Spring has made a late arrival here in North Central Texas, but Old Man Winter still thrives in other parts of the United States. With the arrival of warmer weather, all the weeds and other plants loaded with allergens start spreading their cheer around us! Folks who have allergies are not looking forward to the misery associated with them.
It’s also the time to plant gardens, mow the yard, and clean up and fix up what the cold weather left behind. As you prepare to start your seasonal yard work, stock up on face masks, goggles, gloves, sunscreen, and plenty of allergy medicine! Be sure your power equipment is in good shape, as it usually needs an annual checkup to be sure everything is running as it should.
There is so much to look forward to during spring and summer: baseball, swimming, outings, summer camps, and hopefully, being with family more. Kids are anxiously awaiting summer break from school, so this means we need to be careful when driving down neighborhood streets.
Tornadoes and severe thunderstorms are also a part of spring that we would rather not have to deal with. So far, there have been fewer tornadoes for this time of the year than usual. But, as it warms up, conditions will make the atmosphere right for twisters.
Be sure that you have a plan, just in case you must leave your home in the event of a severe thunderstorm, or worse, tornado. Every member of the family should know where to meet. A care kit should be packed with enough water for at least three days, non-perishable food, medicines, pet food, flashlight, blankets, and other supplies. Keep your cell phone charged at all times, just in case.
Information from The Weather Channel shows that even as we push deeper into the heart of spring tornado season, 2014 has so far completely spared Americans the agony and grief of tornado-related deaths. The year’s long early safe streak has put 2014 in rare territory, historically. The modern era of tornado records began in 1950 with the advent of the storm database maintained by NOAA’s Storm Prediction Center. This year has now gone on longer than any other calendar year in that era without a tornado fatality.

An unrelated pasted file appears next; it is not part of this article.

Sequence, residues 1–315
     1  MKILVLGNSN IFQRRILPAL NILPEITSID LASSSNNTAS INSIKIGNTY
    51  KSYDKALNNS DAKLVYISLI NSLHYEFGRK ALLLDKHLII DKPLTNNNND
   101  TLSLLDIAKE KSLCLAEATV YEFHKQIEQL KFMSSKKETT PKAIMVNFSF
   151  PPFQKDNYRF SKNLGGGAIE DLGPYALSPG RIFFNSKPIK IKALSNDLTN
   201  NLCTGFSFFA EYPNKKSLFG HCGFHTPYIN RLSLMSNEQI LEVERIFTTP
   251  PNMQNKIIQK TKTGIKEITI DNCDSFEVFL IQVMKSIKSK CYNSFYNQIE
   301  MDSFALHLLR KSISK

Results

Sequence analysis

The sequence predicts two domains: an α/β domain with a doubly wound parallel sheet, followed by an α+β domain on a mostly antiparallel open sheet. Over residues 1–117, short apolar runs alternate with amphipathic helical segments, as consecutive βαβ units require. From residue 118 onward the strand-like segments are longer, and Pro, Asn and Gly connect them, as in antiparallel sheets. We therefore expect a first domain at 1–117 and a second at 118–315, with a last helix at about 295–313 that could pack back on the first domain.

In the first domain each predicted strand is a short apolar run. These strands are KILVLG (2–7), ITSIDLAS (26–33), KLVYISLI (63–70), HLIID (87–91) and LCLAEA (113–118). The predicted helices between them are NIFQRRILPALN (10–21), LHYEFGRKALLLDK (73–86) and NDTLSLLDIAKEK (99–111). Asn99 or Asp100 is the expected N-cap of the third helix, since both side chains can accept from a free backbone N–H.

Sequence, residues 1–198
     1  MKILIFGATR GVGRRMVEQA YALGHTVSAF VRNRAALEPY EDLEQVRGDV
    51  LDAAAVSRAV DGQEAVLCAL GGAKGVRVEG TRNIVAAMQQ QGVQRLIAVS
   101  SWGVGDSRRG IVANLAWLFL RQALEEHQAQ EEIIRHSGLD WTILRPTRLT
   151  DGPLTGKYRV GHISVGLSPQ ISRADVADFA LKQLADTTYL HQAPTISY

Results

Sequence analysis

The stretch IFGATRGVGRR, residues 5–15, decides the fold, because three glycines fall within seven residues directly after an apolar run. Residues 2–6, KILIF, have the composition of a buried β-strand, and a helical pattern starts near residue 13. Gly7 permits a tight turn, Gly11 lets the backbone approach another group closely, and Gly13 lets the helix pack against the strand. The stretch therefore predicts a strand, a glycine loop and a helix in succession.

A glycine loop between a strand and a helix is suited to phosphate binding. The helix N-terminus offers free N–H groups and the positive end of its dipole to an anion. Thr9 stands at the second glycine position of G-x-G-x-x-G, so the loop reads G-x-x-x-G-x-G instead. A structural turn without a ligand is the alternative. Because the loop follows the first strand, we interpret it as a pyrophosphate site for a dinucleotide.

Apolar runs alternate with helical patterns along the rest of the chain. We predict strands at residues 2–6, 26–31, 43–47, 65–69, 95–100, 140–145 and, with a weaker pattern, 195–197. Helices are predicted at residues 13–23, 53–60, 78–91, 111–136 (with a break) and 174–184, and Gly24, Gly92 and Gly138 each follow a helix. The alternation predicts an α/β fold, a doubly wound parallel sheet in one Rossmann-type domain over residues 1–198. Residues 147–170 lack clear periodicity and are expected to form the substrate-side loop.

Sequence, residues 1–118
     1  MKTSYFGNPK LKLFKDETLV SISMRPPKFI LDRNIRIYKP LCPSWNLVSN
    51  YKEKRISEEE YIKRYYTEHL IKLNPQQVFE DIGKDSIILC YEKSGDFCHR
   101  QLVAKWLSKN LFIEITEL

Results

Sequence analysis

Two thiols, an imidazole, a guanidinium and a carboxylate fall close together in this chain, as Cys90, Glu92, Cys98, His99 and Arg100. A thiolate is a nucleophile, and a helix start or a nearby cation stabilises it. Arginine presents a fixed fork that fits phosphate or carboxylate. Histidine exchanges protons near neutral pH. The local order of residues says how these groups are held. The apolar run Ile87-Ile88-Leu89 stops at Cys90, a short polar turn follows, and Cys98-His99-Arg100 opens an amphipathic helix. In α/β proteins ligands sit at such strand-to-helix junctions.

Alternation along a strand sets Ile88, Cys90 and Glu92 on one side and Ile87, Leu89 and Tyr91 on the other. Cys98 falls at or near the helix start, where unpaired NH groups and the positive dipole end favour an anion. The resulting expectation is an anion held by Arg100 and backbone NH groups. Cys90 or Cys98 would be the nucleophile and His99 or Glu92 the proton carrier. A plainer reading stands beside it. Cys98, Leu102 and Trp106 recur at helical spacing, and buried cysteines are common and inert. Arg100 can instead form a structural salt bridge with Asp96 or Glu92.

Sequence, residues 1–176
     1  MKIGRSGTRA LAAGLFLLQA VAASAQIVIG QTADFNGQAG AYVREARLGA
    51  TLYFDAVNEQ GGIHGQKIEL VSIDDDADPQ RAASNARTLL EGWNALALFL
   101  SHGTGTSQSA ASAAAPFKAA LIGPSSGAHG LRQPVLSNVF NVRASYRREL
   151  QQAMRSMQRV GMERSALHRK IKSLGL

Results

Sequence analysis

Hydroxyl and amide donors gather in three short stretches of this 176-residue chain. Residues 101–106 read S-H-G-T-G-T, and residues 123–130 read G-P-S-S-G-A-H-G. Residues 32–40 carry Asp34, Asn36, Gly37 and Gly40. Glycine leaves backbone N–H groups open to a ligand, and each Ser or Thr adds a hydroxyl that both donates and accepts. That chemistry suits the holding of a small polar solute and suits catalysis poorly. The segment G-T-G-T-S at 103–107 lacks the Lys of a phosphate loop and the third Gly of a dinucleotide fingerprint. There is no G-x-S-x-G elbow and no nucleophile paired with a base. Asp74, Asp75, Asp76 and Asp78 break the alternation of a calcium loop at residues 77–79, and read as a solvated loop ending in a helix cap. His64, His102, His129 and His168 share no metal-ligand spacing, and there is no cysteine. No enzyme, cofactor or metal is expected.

Another recent year’s long quiet streak ended rather violently when this April 20th marked the 10th anniversary of 2004’s first killer tornado, also an F3 in Illinois. Eight people died on April 20, 2004 when a twister smashed into Utica, Ill., causing a tavern to collapse.
Even including what are likely incomplete historical records from the mid 19th to early 20th centuries, 2014 already ranks among the top 10 years with the longest fatality-free start. It’s possible that some of those older years in the record had undocumented tornado deaths, which would move 2014 even higher in the rankings if we had perfect knowledge of what happened back then.
With no tornadoes reported Monday, we now have to go back 99 years to find a calendar year when the first documented tornado death came later in the year – that was 1915, when the first recorded death came on May 5.
We are thankful that so far that we have not had any deaths as the result of tornadoes. Let’s hope that 2014 will continue to be a low record for killer storms. Be prepared by listening for important warnings from your local television stations, NOAA, and the Weather Channel.
Source: The Weather Channel